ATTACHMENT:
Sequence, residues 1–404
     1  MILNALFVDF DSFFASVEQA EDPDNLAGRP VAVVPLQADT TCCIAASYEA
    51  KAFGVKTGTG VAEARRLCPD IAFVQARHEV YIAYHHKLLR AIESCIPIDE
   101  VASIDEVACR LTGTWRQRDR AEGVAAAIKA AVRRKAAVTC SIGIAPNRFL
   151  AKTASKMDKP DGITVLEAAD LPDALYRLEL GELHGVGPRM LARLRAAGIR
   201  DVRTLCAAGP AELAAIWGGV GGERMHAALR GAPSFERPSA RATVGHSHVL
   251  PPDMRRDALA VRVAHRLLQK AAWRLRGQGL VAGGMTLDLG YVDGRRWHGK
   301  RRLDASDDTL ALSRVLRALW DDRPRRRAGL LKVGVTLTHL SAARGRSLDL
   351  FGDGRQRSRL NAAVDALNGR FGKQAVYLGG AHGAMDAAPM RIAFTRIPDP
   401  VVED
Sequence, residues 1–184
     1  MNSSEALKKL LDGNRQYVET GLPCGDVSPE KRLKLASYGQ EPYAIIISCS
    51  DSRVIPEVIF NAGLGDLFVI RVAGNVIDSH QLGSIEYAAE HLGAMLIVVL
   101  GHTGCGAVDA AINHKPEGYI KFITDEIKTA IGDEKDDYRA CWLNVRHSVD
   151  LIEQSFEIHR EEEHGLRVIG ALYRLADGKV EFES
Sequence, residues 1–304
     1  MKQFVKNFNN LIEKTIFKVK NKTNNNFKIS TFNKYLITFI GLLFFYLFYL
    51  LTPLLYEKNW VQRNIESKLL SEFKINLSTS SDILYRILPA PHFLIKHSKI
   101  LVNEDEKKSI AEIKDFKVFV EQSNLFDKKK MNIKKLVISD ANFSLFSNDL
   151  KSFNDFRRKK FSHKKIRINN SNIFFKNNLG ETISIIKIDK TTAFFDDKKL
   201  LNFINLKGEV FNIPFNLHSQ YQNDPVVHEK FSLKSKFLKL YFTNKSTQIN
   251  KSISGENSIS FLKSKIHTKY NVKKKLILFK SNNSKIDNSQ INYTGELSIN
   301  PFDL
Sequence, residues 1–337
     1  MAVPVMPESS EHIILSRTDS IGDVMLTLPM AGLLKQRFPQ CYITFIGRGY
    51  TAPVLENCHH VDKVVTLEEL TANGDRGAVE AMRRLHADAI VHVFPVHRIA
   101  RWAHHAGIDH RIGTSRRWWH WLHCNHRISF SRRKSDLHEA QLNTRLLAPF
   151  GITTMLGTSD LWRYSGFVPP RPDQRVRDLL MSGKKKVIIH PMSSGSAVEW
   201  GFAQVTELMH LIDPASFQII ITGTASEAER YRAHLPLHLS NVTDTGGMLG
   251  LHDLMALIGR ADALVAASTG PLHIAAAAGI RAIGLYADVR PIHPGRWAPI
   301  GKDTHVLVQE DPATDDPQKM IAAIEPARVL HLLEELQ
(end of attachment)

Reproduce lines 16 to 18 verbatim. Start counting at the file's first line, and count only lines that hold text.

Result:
Sequence, residues 1–304
     1  MKQFVKNFNN LIEKTIFKVK NKTNNNFKIS TFNKYLITFI GLLFFYLFYL
    51  LTPLLYEKNW VQRNIESKLL SEFKINLSTS SDILYRILPA PHFLIKHSKI